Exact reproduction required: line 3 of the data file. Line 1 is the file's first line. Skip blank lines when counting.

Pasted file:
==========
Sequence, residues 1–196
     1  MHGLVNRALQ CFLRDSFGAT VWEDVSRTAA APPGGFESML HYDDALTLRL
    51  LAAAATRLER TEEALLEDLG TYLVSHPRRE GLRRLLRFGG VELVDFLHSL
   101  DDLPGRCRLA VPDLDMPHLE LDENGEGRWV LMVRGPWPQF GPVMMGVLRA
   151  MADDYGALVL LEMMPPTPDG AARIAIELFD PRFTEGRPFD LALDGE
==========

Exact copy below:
    51  LAAAATRLER TEEALLEDLG TYLVSHPRRE GLRRLLRFGG VELVDFLHSL